IC Liquors, 2255 First Av., Manhattan
Veteran East Harlem liquor purveyor IC Liquors has moved from its longtime home near the corner of First Ave and East 116th Street, leaving this fabulous old vertical sign orphaned.  Sign still there at last check but the future is not bright for this uptown commercial landmark.  

Stratford Fuel, 1162 East Tremont Av., Bronx
Though I never saw it lit, I loved the idea of a neon sign beaming the simple word FUEL out into the nocturnal East Tremont landscape.  Sad to report, this circa-1952 product of the Grauer Sign Co no longer figures into the daytime streetscape either, having vanished sometime after its last Google Streetview cameo in 2015.   

Union Square Coffee Shop, 29 Union Sq. West, Manhattan
And finally ... 2019's most noteworthy neon casualty was one of everyone's favorites: the almost-famous Coffee Shop sign on Union Square.  Here since 1960, the sign survived at least three incarnations of the restaurant it advertised, until the place finally went belly-up in the face of another rent hike in 2018.  When news broke that a Chase bank would take over the space, some of us withheld our eye-rolls in hopes that the sign might somehow survive. No such luck:  Chase replaced it with a fake-neon LED sign that as a tribute to its predecessor is truly worse than nothing. You may now proceed with your eye-rolling.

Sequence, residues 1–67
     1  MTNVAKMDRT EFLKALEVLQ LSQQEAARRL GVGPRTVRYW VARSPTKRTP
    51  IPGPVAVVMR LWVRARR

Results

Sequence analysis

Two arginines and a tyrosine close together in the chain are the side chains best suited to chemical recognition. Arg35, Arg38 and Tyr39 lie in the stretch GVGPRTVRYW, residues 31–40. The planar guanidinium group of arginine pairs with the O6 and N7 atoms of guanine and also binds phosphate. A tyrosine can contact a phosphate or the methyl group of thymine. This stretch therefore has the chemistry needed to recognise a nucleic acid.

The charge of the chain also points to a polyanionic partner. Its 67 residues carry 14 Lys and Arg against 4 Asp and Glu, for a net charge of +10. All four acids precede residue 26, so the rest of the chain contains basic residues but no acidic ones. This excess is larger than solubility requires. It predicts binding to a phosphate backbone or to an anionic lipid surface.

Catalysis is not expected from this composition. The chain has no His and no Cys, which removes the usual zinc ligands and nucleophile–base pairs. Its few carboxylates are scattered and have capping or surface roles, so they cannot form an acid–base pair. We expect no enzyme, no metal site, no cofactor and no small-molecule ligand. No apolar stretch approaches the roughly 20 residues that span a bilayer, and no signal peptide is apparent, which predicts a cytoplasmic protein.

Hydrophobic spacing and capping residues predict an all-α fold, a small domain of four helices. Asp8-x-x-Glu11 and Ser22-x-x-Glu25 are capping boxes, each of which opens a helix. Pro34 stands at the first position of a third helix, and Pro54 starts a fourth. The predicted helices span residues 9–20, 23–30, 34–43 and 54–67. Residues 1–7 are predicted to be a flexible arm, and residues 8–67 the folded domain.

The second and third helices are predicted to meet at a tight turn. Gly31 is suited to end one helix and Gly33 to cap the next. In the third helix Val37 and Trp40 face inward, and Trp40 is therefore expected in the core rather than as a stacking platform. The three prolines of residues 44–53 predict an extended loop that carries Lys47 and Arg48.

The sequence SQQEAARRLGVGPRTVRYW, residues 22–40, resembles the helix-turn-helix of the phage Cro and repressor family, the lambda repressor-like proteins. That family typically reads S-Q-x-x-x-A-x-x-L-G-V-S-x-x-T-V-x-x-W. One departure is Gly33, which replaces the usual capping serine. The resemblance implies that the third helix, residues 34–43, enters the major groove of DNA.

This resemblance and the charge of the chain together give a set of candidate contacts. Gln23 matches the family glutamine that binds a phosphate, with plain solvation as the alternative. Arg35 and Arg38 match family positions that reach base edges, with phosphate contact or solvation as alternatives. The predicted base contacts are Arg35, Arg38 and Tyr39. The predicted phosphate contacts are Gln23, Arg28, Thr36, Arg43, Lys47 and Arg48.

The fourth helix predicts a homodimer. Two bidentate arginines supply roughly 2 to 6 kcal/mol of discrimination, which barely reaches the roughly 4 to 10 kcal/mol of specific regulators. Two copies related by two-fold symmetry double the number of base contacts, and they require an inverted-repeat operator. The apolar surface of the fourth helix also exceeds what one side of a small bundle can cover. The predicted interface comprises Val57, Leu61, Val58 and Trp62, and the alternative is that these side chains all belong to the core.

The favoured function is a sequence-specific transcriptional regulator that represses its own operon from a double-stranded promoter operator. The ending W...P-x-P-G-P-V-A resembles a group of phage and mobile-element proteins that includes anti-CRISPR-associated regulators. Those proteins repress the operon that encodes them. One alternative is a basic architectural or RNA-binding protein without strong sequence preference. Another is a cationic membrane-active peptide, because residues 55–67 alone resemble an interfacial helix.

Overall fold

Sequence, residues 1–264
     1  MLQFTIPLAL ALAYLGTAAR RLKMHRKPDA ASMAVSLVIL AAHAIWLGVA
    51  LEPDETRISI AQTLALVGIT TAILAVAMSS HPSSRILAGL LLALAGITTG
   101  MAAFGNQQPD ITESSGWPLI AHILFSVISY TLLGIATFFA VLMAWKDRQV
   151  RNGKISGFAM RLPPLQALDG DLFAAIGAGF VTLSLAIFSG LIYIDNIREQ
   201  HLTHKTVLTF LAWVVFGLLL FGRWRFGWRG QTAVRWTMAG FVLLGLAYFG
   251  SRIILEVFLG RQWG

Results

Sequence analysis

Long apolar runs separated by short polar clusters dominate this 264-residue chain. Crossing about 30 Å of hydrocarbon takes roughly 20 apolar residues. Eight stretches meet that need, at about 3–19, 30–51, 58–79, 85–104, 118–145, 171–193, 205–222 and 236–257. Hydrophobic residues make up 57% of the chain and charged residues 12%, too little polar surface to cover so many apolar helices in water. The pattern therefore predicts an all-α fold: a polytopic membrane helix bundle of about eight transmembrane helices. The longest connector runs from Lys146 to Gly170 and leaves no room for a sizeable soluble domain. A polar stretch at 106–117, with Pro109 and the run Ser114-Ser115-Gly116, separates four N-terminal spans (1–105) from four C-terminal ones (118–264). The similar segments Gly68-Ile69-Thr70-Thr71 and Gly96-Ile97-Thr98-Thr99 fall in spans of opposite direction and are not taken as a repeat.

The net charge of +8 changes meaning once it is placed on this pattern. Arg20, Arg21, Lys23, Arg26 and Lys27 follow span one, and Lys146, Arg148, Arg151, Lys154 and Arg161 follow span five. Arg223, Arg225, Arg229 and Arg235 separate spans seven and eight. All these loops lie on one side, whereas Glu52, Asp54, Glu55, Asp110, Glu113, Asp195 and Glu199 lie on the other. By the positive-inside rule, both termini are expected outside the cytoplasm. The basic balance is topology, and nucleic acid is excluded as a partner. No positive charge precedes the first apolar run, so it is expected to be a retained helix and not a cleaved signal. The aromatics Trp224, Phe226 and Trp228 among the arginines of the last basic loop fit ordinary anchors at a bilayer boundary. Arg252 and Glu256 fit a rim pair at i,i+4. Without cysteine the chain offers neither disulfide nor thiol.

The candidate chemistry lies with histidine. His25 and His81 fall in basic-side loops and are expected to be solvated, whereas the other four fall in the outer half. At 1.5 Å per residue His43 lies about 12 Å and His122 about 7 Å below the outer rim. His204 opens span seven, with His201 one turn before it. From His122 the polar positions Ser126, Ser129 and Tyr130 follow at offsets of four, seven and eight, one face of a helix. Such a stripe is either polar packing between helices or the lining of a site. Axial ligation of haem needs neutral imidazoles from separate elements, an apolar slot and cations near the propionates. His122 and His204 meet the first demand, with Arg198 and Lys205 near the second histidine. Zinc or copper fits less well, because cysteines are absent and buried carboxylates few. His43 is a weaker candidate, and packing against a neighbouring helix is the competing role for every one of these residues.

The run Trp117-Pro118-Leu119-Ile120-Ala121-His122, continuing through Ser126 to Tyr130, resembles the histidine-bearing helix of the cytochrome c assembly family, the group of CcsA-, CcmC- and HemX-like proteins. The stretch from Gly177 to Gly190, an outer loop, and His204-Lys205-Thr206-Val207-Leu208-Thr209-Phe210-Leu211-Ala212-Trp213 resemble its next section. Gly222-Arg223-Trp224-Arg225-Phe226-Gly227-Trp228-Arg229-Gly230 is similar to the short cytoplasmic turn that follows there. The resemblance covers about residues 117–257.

Tuesday, June 18, 2019

Neon News & Links / June 2019 Edition

The neon highlight of the past few months has to have been this year's second-annual Neon Speaks symposium out in San Francisco at the end of April 2019, hosted by San Francisco Neon.  The three day event featured presentations by neon practitioners, historians and enthusiasts from across the country, as well as walking tours and shop visits. If you missed it, the good news is that the organizers are looking forward to a third annual installation set for April 2020. 

(jericl on Instagram)

• The White Horse Tavern, one of New York's most venerated neon landmarks, has closed and re-opened amidst a controversial ownership change.  

(T. Rinaldi)

• From the RIP department, via the Vanishing NY blog: DeRobertis' Pastry Shoppe's relic sign on First Ave is gone daddy gone.  DeRobertis closed in 2015 after 110 years in business.  The sign hung on a few years longer but has now joined New York's silent neon majority.  

(T. Rinaldi)

• And still more crappy news, also via Vanishing NY: the dead husk of Union Square's old Coffee Shop will become a bank.  What will become of its great sign is still TBD but we can guess.

• Still more crappy news?  You bet!  Jolson's Liquors in Astoria Queens will become a Taco Bell. 

(MCarsten on Instagram)

• The old McHale's Bar sign has resurfaced, appropriately enough, at McHale's Bar in Hell's Kitchen.  The original bar, at 46th and 9th, had been a favorite neon landmark before it closed around 15 years ago.  Part of the old sign turned up at Emmett O'Lunney's on 51st Street.  Another part resurfaced recently on eBay and has now been installed at the McHale's reboot a few blocks from the original. 

(T. Rinaldi)

• Not neon but still cool: vanished flower shop signage has resurfaced in Carroll Gardens, via the Ephemeral NY Blog.  

• From the Graphic Design department: at long last, the Poster House museum is set to open in the former Tekserve space on 23rd Street in Manhattan.

• Sign maven and commercial archeology scholar extraordinaire Debra Jane Seltzer has launched an Instagram feed and it's spectacular.

(roadarch_com on Instagram)

• Also from Debra Jane - rounding out a (very depressing) status-check on some of the many signs she's documented around the country.  

• From the sweet revenge department: a Times Square LED billboard shorted out and burst into flames last month. Heh.